Movie Review: Koreans repel the Japanese in the 16th Century Naval epic, “Hansan: Rising Dragon”

“Hansan: Rising Dragon” is a Korean naval war epic that takes us into the actions — before and during a series of sea battles in the 1590s — of Korea’s great naval genius, Admiral Yi Soon Shin.

It’s a sprawling and dense period piece with a fleet’s worth of characters moving from bases and fortresses, to land campaigns, shipyards, fractious war councils and battles on board armored galleys. Here, all that is boiled down to the bloody chess game and military innovations of competing admirals — the Japanese “Wae” invader Wakizaka (Byon Yo-han) and the “righteous” defender of Joseon (the Korean peninsula dynasty), Yi Soon Shin (Park Hae-il).

For a Westerner, think of it as being more “300: Rise of an Empire” than John Woo’s Chinese “Red Cliff” epic. It’s a CGI-assisted old-fashioned flag waver filled with chaotic combat in which the day is always saved by the sudden lifting of this fog, the shocking arrival of that surprise fleet or the out-of-nowhere cannon balls that forestall the certain doom ready to befall this or that brave, patriotic Korean.

The phrase “It’s a TRAP!” (in Korean, with English subtitles) erupts so often I half-expected “Star Wars” Admiral Ackbar to make his presence known. But he’s here in spirit.

Set during the most perilous phase of the Imjin War, we learn that the Wae — fresh from staging the largest seaborne invasion in history (to that point) are on the brink of total conquest of the Korean peninsula, with only cunning Admiral Yi Soon (sometimes spelled “Sun”) Shin and his fleet of galleys in the country’s southern region standing in their way.

The “secret weapons” of this conflict are the the Koreans‘ “turtle ships,” covered galleys called Geobukseon with bronze dragon head rams in their bows which terrorized the Japanese, whose smaller galleys — some of them armor plated, had enough to deal with in fighting the bigger, more heavily-built Panokseon galleys that were the main Korean combat vessels.

Much of the movie has this admiral strategizing with his subordinates to figure out the weaknesses of the other side. Covered “turtles” may have spikes on their backs to prevent boarding, but are blind to what they’re charging into. The Koreans didn’t try to rapidly reload their cannons. They used their superhuman rowers to spin the ship around to bring a fresh broadside of cannons to bear on the enemy after each volley. The Japanese schemed to exploit these weaknesses with their smaller, quicker, more lightly-armed and far more numerous galleys, which sought to board the enemy and win the fight with samurai wielding their katana swords.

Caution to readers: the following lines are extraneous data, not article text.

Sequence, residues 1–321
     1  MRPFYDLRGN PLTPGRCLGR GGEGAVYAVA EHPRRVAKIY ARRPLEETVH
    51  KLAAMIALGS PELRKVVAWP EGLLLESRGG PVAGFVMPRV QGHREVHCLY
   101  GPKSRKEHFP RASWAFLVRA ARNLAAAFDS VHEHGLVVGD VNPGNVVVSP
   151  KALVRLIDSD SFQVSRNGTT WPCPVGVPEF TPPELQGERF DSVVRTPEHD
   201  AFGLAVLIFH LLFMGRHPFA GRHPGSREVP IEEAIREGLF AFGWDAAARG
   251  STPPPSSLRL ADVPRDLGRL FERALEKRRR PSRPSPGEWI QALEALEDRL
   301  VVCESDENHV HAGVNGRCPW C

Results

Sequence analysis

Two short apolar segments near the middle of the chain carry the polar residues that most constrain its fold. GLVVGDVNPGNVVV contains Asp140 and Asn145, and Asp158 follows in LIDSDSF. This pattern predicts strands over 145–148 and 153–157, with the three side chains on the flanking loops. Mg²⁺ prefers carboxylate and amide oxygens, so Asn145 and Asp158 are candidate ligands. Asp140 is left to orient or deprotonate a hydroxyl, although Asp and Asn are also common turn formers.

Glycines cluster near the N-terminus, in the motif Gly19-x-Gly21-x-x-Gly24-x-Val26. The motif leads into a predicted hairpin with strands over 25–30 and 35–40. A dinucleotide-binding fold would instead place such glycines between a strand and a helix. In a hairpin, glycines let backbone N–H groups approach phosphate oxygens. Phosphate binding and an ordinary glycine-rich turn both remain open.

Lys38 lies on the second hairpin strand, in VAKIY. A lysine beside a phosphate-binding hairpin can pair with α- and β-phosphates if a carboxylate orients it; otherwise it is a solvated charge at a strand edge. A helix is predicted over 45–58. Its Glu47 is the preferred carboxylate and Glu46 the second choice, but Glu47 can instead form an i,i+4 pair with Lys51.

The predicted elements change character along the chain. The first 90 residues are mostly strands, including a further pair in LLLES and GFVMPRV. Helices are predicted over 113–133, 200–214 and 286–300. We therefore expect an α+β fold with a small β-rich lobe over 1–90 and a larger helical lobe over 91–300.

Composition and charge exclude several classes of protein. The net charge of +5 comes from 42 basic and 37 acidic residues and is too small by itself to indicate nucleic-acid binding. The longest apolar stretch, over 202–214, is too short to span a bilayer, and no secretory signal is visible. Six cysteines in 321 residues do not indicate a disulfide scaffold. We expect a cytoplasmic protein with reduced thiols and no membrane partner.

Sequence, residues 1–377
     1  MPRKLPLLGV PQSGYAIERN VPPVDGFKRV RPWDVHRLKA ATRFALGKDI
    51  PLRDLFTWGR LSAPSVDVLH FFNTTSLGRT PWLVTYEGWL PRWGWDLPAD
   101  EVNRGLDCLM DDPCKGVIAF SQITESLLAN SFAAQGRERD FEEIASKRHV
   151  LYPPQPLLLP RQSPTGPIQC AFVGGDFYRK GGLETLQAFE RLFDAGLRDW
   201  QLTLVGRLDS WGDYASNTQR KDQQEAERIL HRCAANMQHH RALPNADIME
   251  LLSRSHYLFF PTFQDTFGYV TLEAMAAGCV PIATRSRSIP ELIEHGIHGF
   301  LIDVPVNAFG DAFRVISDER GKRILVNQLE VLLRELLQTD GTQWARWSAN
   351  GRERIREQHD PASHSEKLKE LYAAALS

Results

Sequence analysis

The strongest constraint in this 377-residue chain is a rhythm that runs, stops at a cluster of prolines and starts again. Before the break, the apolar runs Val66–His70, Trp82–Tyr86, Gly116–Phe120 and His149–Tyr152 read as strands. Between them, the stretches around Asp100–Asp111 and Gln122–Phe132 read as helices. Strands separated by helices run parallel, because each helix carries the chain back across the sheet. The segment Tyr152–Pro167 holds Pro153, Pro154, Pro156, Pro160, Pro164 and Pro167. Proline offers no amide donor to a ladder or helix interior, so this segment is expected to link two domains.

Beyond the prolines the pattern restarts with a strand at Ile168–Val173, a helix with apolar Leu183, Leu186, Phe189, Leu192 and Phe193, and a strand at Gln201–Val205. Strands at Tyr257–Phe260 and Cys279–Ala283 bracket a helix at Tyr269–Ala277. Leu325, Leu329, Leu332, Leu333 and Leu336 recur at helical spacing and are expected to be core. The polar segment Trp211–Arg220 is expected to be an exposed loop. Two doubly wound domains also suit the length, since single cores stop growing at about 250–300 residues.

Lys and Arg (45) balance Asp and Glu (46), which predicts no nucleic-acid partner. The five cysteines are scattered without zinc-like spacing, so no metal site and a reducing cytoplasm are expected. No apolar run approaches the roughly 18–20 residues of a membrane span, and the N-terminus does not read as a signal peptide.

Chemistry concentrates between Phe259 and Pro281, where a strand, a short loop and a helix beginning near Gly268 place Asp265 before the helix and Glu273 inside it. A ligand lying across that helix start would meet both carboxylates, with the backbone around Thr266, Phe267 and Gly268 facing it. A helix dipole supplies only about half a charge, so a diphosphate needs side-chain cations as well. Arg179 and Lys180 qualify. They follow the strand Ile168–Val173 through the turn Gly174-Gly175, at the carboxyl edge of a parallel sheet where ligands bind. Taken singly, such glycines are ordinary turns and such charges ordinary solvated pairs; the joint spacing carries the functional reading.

There are spies and saboteurs, and the war councils threaten to dissolve into infighting blood feuds — especially among the hotheaded Japanese warlords.

All of which are just the preliminaries leading to an epic sea fight, an Asian version of the Greco-Persian Battle of Salamis with enemies in rowing galleys battling among the rocks and narrow passages of a strait littered with islets and islands.

Only those deep into naval history — or Korean history — will have heard much about these titanic struggles in the seas off Korea, or be all that interested in a movie about it. There’s a reason the West has never produced a proper epic about the Battle of Lepanto, Europe’s last great galley battle, which thwarted the Ottoman Turks from pouring into central Europe and Italy and happened over 20 years before the Battle of Hansan Island. This sort of overpopulated war picture is complex and expensive to put on the screen, makes for seriously cluttered storytelling and has limited appeal, being about mostly-forgotten pieces of history.

Leading up to its Big Action Finish, “Hansan: Rising Dragon” is an oft-unwieldy film, struggling to keep the many fields of conflict and layers of intrigue straight.

Technically, writer-director Kim Han-min shows off period-appropriate firearms, armor, tactics and hardware, and galleys scooting through the water like Jetskis. There was a lumbering, slow-motion nature to this two thousand year era in combat, with the ships too heavy to move without armies of enslaved (in the Middle East and West) rowers. The number of two-man oars dipping into the water here could never propel these vessels at those speeds, something “Hansan” ignores for the sake of fast action.

See “Ben-Hur” for examples of why that makes no sense. And remember, the Spanish Armada battles of just a few years before (1588) had already turned Europe away from labor-intensive rowed galley combat close to shore and to sailing galleons, caravels and later frigates and ships of the line fighting it out under sail.

But “Rising Dragon” still makes a fascinating film version of a “further reading” history lesson, a reminder of the historical enmity between Korean and its avaricious, warlike neighbor and why Koreans in the film and in the modern day regard this as a “battle of the righteous against the unrighteous.”

Rating: unrated, violence

Cast: Park Hae-il, Byon Yo-han

Credits: Written and directed by Kim Han-min, based on the graphic novel “Yi Soon Shin.” A Well Go USA release.

Running time: 2:09

About Roger Moore

Movie Critic, formerly with McClatchy-Tribune News Service, Orlando Sentinel, published in Spin Magazine, The World and now published here, Orlando Magazine, Autoweek Magazine
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